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Qualitative vs. Quantitative Research: What’s the Difference?

Qualitative vs. Quantitative Research: What’s the Difference?

There are two distinct types of data collection and study: qualitative and quantitative. Although both provide an analysis of data, they differ in their approach and the type of data they collect. Awareness of these approaches can help researchers construct their study and data collection methods.

What Is the Difference Between Qualitative vs. Quantitative Research?

Because qualitative and quantitative studies collect different types of data, their data collection methods differ considerably. Quantitative studies rely on numerical or measurable data. In contrast, qualitative studies rely on personal accounts or documents that illustrate in detail how people think or respond within society.

Qualitative Research: Data Collection for Your Doctorate Degree

Qualitative research methods include gathering and interpreting non-numerical data. The following are some sources of qualitative data1:

  • Interviews
  • Focus groups
  • Documents
  • Personal accounts or papers
  • Cultural records
  • Observation

In the course of a qualitative study, the researcher may conduct interviews or focus groups to collect data that is not available in existing documents or records. To allow freedom for varied or unexpected answers, interviews and focus groups may be unstructured or semi-structured.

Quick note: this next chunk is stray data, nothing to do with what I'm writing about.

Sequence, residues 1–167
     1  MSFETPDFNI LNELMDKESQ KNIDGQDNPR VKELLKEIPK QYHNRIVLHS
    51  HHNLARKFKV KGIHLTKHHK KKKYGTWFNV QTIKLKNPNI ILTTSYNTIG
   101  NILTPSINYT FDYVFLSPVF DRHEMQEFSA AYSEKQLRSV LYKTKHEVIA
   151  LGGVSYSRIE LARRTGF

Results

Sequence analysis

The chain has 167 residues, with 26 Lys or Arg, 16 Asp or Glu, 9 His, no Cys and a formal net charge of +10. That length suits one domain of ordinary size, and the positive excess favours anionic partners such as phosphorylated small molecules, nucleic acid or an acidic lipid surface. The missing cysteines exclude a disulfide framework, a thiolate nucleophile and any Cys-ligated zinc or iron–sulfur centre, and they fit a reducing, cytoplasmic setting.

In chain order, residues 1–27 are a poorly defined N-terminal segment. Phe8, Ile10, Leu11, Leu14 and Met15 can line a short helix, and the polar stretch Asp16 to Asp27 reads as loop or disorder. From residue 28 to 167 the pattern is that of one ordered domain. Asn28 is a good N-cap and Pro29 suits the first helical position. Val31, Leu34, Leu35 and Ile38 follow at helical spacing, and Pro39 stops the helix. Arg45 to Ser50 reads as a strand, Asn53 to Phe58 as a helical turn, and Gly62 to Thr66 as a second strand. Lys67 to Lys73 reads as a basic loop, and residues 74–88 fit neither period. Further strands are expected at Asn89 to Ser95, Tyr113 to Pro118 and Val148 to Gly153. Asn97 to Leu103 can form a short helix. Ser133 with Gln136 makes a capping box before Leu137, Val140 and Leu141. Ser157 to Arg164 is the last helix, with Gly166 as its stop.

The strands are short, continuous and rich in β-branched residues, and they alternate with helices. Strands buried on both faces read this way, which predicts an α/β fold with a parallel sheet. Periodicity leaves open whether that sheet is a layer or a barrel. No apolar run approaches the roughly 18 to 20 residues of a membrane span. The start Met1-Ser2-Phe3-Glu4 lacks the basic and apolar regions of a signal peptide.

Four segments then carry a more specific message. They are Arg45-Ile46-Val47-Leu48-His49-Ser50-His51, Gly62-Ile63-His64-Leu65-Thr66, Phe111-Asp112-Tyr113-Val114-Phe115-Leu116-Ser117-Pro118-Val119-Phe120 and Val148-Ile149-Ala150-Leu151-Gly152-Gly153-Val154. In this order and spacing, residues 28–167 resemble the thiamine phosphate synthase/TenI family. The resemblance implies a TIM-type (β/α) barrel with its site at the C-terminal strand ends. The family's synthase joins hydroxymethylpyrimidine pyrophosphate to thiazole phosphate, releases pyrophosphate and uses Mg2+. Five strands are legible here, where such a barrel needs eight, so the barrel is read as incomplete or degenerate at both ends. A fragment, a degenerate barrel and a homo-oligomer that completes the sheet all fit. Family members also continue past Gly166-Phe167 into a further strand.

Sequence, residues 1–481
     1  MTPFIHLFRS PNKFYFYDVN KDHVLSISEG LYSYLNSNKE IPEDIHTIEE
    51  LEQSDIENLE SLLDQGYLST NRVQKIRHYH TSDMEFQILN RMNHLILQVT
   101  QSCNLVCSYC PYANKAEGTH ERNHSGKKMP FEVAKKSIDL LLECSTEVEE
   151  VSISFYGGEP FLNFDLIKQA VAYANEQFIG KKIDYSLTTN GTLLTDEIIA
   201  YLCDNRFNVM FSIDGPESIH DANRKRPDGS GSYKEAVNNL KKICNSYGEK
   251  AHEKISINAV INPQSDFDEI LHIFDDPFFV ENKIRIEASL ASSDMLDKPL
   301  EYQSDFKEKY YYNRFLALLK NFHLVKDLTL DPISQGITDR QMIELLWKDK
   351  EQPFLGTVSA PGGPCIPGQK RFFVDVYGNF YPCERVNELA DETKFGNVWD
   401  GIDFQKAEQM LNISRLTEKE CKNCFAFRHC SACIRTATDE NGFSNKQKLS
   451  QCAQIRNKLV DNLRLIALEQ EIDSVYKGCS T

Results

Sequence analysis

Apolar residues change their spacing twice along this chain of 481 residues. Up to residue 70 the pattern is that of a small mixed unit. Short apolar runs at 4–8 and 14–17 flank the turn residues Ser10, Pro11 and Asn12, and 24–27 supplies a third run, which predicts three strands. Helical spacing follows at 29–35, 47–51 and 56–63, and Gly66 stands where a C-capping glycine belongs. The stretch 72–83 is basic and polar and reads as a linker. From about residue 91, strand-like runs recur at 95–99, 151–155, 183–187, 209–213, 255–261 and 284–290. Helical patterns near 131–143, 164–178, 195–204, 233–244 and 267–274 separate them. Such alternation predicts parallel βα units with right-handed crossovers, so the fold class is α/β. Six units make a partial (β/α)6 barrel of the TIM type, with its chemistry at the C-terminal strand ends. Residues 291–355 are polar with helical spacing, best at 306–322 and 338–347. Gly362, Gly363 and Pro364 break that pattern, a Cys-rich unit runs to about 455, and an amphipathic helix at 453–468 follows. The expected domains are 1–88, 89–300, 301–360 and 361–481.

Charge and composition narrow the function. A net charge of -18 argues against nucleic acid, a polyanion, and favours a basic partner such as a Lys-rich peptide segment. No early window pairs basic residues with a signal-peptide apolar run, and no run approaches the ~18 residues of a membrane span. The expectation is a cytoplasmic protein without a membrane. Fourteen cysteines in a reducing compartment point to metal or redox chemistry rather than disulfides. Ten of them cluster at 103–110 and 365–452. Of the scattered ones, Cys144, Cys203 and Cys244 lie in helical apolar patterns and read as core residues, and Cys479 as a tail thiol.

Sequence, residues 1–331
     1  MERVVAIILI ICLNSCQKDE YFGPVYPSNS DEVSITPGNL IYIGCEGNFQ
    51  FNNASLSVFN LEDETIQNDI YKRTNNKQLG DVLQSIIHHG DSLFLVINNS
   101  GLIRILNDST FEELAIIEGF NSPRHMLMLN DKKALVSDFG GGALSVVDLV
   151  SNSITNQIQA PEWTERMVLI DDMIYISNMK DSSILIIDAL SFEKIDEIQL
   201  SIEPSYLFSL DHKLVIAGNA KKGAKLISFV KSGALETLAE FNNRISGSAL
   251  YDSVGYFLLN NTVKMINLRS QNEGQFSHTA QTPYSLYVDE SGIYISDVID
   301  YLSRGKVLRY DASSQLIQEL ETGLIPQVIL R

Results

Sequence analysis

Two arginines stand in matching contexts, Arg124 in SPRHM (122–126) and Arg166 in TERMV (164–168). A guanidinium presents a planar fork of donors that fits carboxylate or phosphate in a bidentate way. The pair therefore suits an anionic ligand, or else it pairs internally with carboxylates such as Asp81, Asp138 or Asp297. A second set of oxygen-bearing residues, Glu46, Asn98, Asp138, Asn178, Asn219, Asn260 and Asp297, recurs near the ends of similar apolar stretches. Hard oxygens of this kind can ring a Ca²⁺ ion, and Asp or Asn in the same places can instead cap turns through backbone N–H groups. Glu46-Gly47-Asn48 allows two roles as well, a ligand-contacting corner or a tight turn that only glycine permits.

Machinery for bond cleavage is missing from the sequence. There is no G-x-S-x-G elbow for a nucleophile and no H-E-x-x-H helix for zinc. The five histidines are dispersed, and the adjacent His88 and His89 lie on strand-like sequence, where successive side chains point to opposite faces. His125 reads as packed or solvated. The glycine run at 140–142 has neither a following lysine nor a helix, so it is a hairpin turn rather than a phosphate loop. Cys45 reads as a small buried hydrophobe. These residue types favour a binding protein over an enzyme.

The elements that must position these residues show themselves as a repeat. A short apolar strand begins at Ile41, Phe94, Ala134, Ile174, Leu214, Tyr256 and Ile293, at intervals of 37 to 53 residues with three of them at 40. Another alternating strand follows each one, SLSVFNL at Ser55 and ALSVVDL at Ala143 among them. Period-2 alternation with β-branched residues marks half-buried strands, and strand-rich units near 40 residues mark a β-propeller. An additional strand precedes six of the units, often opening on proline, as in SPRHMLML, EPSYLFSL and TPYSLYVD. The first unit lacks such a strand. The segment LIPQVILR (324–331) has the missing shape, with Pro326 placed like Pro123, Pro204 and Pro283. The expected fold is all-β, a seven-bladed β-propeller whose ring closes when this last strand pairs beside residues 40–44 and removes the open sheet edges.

An unstructured or semi-structured format allows the researcher to pose open-ended questions and follow wherever the responses lead. The responses provide a comprehensive perspective on each individual’s experiences, which are then compared with those of other participants in the study.

Quantitative Research: Data Collection for Your Doctorate Degree

Quantitative studies, in contrast, require different data collection methods. These methods include compiling numerical data to test causal relationships among variables. Some forms of data collection for this type of study include1:

  • Experiments
  • Questionnaires
  • Surveys
  • Database reports

The above collection methods yield data that lends itself to numerical analysis. Questionnaires in this case have a multiple-choice format to generate countable answers, such as “yes” or “no,” which can be turned into quantifiable data.

Qualitative vs. Quantitative Outcomes

One of the factors distinguishing qualitative from quantitative studies is the nature of the intended outcome. Qualitative researchers seek to learn from details of the testimonies of those they are studying. Over the course of a study, conclusions are drawn by compiling, comparing and evaluating the participants’ feedback and input. Qualitative research is often focused on answering the “why” behind a phenomenon, correlation or behavior.

In contrast, quantitative data are analyzed numerically to develop a statistical picture of a trend or connection. Such statistical results may shed light on cause-and-effect relationships, and they may either confirm or disprove the study’s original hypothesis. Whether positive or negative, the outcome can enrich understanding of a subject and spark action. Quantitative research is often focused on answering the questions of “what” or “how” in regards to a phenomenon, correlation or behavior.

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Benefits and Limitations of Qualitative vs. Quantitative Research

Another difference between qualitative and quantitative research lies in their advantages and limitations. Each form of research has benefits and shortcomings. Researchers must consider their hypotheses and what forms of data collection and analysis are likely to produce the most relevant findings.

Benefits of Qualitative Research